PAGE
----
congregation that on a three-week trip to Italy and Greece in May,

the two made plans to get married.

 

That vacation, which fell in the middle of Boneca's second tour of

duty in Afghanistan, was the last time they saw each other. He was

killed in a gunfight with Taliban insurgents on July 9, three weeks

before he was due to return home.

 

"We spent a lot of time planning out our future together -- going

back to school, marriage, children and travel," De Corte said,

crying. "Tony, my sweet sweet Tony, I hope you know how much I love

you and how proud I was to be a part of your life ... I love you and

I can't wait until the day we're together again."

 

Antonio and Shirley Boneca, who, according to friends, are

overwhelmed with the grief of losing their only son, sat stoically

through much of the service.

 

At the interment, however, Antonio Boneca, a retired bricklayer,

wept uncontrollably as he gave his son one final salute. Shirley

Boneca held on to her husband with both arms and rested her head on

his shoulder. The couple was presented with the Canadian flag that

draped their son's coffin, as well as his service medals, formal

regimental belt and headdress.

 

The slain soldier then received a 21-gun salute.

 

His mother was presented with a Memorial Cross, also known as the

Silver Cross, on Sunday night. The award is given to all mothers and

widows of fallen Canadian servicemen.

 

"Their lives will never be the same," family friend Miles Stijepic

said Sunday. "They feel their heart is going to explode."

 

The Bonecas took the unusual step of allowing media to the

graveside ceremony, a tacit acknowledgment that many in Canada

shared their grief, according to military spokeswoman Lieut. Amber

Bineau.

====================================================================

 

Let's honour these brave public servants

The Vancouver Province

Tue 18 Jul 2006

Page: A18

Section: Editorial

Source: The Province

 

Public servants come in for a lot of criticism these days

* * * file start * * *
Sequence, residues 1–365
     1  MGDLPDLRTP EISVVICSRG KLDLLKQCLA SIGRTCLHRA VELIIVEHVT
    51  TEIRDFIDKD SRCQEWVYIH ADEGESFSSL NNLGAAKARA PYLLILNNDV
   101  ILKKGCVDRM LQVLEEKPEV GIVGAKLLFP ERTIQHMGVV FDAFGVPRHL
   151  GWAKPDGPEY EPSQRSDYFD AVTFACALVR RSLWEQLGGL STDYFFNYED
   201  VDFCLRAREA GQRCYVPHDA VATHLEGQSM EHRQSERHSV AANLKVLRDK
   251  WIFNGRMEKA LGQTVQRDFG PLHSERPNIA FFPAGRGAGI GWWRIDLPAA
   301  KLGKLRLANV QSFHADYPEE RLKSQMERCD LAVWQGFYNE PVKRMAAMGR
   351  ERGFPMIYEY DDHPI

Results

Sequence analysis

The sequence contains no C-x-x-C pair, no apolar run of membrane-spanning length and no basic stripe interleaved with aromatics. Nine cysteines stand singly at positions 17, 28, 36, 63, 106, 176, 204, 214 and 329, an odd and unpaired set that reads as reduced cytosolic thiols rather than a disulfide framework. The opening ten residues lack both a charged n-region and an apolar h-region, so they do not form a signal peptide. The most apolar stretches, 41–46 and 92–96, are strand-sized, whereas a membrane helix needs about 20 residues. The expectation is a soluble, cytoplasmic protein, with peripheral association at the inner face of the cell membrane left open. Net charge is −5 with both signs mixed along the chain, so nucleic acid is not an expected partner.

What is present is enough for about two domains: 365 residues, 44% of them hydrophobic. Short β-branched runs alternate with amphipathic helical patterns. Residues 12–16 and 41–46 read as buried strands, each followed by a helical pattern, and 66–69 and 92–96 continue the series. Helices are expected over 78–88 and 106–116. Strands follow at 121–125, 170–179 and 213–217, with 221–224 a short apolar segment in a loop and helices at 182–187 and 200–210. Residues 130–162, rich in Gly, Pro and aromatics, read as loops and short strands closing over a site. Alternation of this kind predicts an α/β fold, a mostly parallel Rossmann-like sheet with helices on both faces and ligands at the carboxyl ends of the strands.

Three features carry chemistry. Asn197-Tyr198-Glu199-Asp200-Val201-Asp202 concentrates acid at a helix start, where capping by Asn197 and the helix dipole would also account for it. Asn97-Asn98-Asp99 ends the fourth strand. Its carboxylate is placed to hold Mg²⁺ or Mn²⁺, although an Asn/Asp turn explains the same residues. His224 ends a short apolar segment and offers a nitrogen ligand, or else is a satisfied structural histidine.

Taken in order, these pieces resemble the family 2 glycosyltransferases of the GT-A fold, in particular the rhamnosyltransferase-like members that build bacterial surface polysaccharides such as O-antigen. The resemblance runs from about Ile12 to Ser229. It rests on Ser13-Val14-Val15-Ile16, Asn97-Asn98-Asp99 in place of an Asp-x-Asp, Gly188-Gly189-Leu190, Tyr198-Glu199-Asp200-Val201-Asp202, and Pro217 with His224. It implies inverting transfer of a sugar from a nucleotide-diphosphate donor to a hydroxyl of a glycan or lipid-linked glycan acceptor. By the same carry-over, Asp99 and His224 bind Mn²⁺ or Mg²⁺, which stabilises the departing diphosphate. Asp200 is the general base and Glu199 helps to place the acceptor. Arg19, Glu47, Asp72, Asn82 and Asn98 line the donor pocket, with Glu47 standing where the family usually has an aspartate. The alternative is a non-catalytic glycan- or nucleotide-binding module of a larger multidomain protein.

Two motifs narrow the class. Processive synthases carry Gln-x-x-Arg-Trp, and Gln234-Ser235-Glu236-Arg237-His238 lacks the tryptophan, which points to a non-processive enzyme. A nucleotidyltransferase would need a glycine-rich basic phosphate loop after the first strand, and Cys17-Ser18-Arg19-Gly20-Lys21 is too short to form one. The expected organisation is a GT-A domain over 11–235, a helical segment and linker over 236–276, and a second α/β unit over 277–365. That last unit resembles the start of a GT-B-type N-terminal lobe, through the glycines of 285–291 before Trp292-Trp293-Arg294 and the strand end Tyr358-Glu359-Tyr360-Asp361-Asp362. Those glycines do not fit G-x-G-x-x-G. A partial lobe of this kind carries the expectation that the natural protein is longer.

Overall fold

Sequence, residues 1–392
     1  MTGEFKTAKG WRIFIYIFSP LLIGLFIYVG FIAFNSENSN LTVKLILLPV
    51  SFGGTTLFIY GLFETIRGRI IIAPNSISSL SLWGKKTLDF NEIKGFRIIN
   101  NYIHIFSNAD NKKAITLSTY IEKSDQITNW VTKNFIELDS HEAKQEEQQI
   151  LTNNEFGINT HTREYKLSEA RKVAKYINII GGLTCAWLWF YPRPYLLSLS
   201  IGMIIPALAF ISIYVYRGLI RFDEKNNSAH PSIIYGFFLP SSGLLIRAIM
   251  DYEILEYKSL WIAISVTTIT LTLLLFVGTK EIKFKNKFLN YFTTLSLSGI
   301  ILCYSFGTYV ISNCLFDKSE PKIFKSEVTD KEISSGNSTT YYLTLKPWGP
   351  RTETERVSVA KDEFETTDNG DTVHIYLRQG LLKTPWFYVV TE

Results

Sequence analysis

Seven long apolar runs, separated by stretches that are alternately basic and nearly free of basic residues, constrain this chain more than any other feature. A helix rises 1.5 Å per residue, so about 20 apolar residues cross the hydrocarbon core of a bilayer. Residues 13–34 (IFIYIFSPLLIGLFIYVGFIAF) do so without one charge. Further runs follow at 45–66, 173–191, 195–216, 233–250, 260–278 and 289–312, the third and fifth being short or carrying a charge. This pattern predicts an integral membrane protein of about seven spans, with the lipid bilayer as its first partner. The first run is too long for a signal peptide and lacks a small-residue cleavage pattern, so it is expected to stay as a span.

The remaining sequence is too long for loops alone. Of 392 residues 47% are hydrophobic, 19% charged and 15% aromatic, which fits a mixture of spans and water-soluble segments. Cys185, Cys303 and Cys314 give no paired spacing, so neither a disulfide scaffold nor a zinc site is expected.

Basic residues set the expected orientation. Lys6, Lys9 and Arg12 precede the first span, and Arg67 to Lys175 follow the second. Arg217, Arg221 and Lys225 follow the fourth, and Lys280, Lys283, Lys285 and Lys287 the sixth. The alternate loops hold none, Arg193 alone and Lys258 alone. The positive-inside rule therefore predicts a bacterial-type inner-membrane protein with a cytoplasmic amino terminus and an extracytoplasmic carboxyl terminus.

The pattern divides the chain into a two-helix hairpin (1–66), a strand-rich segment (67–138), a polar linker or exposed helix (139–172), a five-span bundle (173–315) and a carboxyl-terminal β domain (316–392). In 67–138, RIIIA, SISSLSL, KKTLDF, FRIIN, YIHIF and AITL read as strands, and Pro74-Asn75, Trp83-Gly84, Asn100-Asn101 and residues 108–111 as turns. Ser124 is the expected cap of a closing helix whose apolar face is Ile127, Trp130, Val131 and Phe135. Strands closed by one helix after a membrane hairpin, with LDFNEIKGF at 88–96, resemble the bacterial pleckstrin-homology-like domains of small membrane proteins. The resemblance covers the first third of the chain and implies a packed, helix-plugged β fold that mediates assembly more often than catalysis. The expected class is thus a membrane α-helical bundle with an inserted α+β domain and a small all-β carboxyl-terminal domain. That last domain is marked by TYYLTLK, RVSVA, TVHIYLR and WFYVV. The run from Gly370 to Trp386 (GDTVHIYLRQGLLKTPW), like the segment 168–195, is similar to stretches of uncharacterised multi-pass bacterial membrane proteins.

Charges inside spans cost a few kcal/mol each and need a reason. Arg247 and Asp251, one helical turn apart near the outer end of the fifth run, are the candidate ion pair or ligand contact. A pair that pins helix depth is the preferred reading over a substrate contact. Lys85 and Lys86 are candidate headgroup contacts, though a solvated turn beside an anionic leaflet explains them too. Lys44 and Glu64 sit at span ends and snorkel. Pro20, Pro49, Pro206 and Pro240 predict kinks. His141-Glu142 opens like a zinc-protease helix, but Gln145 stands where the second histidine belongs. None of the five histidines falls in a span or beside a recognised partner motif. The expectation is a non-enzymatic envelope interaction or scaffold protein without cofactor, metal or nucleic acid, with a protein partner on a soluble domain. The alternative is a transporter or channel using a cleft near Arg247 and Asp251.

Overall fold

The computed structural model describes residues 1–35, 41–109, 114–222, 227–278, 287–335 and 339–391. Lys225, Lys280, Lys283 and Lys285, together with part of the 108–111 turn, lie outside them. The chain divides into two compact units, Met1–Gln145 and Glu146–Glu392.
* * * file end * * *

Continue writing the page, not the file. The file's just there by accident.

from citizens concerned about heavy taxation.

 

But those who perform the often-dangerous work that is essential to

keeping Canada a civilized, law-abiding country deserve our support

and applause.

 

Some, like RCMP constables Robin Cameron and Marc Bourdages, both

shot while chasing an assault suspect in Saskatchewan last week,

have had to make the ultimate sacrifice at a young age.

 

Cameron, 29, was a single mom with an 11-year-old daughter. And

Bourdages, just 26, leaves behind a nine-month-old son. We honour

them and their grieving families.

 

We also honour Cpl. Anthony Boneca, killed last week during a

firefight in Kandahar, and his fellow

 

Canadian soldiers serving bravely in Afghanistan.

 

These public servants do our country proud.

=====================================================================

 

Young Canadian soldier honoured

CTV News and Current Affairs

Mon 17 Jul 2006

Time: 23:00:00 ET

Network: CTV

 

TOM CLARK: Well there were tears and there were tributes for a Canadian soldier killed in combat in the country. Hundreds of family and friends gathered in Thunder Bay, Ontario, to remember Corporal Anthony Boneca. The twenty-one year old reservist

died July 9th during a firefight with the Taliban. He was just three weeks away from the end of his latest tour of duty. Boneca is the 17th Canadian soldier to die in Afghanistan.

=====================================================================

 

THUNDER BAY, Ontario -- Family and friends gathered in Thunder Bay, Ontario today to remember Corporal Anthony Boneca.

Broadcast News

Mon 17 Jul 2006

Section: General and national news

 

THUNDER BAY, Ontario -- Family and friends gathered in Thunder

Bay, Ontario today to remember Corporal Anthony Boneca.

 

The 21-year-old reservist was killed during a firefight last week

in Afghanistan.

 

Master Corporal Craig Loverin collapsed into tears as he

described how his comrade came back from his first tour of duty in

Afghanistan as a man of courage.

 

He says Boneca was proud to serve his country and couldn't wait

to go back.

 

Boneca was just three weeks away from the end of his latest tour

of duty when he was killed on July 9th during a sweep of the Taliban

region.

 

Boneca's girlfriend, Megan De Corte, told mourners that during the

couple's three-week vacation in Rome in May, they'd spent their time

planning out their future together -- going back to school,

marriage, children and travel.

 

Boneca, a reservist with the Lake Superior Scottish Regiment, was

the 17th Canadian soldier and the second from Thunder Bay to die in

Afghanistan.

 

(CP)

 

mcw

Length: 162 words

=====================================================================

 

Reservists ready for deployment

Sudbury Star (ON)

Tue 18 Jul 2006

Page: A3

Section: Greater Sudbury